The primary payload of P2PInfect is an ELF binary that combines C and Rust components. When executed, this binary modifies the SSH configuration of the host, resetting the OpenSSH server configuration to a nearly default state. This allows the attacker to connect via SSH using password authentication. The attacker then restarts the SSH service and adds an SSH key to the list of authorized keys for the current user, ensuring persistent access. Once P2PInfect gains access to a host, it conducts a thorough analysis of the bash history to extract available IPs, users, and SSH keys, which it then excludes from its search. To safeguard your organization from such attacks, it is recommended to ensure that all SSH and Redis instances are promptly updated, securely configured, and regularly monitored for any suspicious or unauthorized activities.

4. AWS SSM Agent gets abused as a remote access trojan (RAT)

A novel post-exploitation method in Amazon Web Services (AWS) has been uncovered by security researchers that enables the AWS Systems Manager Agent (SSM Agent) to be used as a remote access trojan on Windows and Linux platforms. An attacker who has high privilege access to an endpoint with the SSM agent installed may repurpose the SSM agent to engage in persistently harmful operations. The use of an SSM Agent as a trojan has several advantages including the fact that endpoint security solutions trust it and that it avoids the need to deploy additional malware that could be detected.

To make matters worse, a threat actor may remotely monitor the exploited SSM Agent using their own malicious AWS account as a command-and-control (C2) server. Another approach uses a Linux namespace to create another SSM agent process communicating with an attacker’s AWS account whereas the existing SSM agent is continuing to communicate with its original accounts. It is advisable to remove the SSM binaries from the allow list in AV or EDR solutions to enable them to thoroughly examine and analyze the behavior of these processes.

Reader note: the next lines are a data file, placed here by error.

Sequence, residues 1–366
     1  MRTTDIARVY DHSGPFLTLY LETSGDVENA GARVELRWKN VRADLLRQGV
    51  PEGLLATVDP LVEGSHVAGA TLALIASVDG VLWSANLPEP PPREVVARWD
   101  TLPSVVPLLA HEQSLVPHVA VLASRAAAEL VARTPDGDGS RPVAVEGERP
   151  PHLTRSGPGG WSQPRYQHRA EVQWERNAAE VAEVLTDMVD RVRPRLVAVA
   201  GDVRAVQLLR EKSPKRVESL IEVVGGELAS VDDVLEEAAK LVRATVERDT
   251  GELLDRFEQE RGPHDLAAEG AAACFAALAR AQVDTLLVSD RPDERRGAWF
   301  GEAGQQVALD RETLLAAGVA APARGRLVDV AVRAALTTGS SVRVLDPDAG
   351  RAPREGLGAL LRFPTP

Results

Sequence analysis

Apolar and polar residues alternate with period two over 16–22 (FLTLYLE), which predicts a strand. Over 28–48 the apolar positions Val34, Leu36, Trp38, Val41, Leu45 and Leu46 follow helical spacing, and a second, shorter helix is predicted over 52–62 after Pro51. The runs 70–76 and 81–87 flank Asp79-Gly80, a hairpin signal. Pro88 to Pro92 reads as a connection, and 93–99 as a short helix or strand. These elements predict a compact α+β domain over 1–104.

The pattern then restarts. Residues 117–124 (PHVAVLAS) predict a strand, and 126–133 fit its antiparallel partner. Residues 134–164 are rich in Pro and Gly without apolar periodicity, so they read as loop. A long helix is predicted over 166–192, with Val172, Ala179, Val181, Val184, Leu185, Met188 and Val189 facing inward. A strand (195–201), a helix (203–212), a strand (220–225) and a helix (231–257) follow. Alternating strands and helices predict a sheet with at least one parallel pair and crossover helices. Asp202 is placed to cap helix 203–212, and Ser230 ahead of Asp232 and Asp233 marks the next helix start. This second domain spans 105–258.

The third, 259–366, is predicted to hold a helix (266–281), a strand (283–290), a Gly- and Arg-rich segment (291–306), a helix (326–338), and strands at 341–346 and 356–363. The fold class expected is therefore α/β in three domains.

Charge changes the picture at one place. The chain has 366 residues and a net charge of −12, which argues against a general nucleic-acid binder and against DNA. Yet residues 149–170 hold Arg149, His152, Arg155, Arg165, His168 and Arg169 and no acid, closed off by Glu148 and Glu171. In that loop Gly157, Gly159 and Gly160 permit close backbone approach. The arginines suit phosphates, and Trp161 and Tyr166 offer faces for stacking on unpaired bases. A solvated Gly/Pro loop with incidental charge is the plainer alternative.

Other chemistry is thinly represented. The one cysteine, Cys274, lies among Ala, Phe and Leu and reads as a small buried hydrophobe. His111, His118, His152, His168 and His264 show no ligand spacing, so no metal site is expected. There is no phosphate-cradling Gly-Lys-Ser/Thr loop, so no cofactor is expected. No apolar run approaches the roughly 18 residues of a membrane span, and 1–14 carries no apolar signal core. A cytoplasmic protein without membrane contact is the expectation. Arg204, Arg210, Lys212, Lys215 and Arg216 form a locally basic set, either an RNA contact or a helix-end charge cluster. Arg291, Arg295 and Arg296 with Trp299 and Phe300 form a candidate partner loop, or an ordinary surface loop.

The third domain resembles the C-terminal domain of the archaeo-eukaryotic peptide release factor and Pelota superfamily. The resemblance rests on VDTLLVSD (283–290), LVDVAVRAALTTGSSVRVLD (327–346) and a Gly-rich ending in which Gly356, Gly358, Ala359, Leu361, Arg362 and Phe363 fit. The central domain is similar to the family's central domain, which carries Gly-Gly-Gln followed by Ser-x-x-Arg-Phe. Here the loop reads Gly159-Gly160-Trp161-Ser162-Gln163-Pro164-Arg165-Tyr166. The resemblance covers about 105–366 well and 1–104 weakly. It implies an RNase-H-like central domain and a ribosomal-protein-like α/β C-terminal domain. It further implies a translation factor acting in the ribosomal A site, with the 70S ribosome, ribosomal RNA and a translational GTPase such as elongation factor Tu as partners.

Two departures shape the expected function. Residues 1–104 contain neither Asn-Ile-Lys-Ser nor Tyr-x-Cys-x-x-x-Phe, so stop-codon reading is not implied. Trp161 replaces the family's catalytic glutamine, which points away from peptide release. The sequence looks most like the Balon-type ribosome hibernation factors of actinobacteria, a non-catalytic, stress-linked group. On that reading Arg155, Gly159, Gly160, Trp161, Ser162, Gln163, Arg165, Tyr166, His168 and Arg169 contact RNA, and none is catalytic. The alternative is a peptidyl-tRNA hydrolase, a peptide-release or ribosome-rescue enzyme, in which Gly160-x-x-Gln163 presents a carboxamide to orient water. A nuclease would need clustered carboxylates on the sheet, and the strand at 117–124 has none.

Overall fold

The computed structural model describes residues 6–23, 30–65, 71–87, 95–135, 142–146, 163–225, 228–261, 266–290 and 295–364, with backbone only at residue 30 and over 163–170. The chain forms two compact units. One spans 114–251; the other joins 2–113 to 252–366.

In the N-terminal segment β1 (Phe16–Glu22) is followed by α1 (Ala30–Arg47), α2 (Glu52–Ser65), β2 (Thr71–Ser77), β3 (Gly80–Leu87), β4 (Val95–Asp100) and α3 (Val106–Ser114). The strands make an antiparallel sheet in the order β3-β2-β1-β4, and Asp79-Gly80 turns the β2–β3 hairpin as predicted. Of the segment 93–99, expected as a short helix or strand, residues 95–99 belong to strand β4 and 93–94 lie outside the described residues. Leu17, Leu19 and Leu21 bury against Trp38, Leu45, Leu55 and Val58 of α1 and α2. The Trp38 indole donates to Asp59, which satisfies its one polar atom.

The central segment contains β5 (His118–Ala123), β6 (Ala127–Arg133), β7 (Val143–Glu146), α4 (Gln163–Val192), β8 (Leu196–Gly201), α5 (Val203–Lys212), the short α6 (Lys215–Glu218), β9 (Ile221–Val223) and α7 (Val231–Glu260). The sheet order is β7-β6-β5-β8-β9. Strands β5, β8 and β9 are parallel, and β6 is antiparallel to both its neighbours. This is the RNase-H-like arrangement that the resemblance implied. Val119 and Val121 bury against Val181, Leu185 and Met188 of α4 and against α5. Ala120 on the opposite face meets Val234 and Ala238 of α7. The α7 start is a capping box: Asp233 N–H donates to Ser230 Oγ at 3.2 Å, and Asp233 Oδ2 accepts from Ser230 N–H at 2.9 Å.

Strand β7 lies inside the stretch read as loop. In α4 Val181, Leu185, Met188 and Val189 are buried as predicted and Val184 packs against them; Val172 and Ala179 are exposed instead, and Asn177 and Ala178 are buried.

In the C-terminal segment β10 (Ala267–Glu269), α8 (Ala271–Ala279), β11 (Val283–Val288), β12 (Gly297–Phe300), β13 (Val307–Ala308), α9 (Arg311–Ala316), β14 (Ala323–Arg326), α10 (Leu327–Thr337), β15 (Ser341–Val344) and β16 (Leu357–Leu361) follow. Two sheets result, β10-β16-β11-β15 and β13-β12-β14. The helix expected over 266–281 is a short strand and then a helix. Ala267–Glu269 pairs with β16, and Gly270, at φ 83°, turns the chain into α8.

5. njRAT malware exploiting trojanized TeamViewer installers

The njRAT sample is a highly sophisticated and deceptive malware that adopts multiple distribution methods, making it challenging to detect and prevent. It employs various disguises, including phishing campaigns, cracked software on file-sharing websites, drive-by downloads, and trojanized applications. In this case, it masquerades as a 32-bit Smart Installer for TeamViewer, dropping both the njRAT malware and a genuine TeamViewer application in the Windows folder.

To remain inconspicuous, njRAT implements a mutex, preventing multiple threads from simultaneously writing to shared memory, reducing the risk of reinfection. It also modifies the “SEE_MASK_NOZONECHECKS” environment variable in the Windows registry to bypass security warnings, enabling it to operate undetected and unimpeded by user prompts. It gathers data via keylogging and transmits it to a preconfigured Command and Control (C&C) server, allowing the attackers to access and exploit the compromised system remotely. The njRAT’s ability to mimic legitimate applications and evade security measures poses significant threats to users and organizations, highlighting the need for robust cybersecurity measures and vigilant user awareness to counter such advanced malware attacks.

To get daily updates on the critical vulnerabilities being exploited by threat actors, subscribe to SISA Daily Threat Watch – our daily actionable threat advisories.

For a deeper understanding of how you can prevent these threats from affecting your organization, request a call to get in touch with our experts.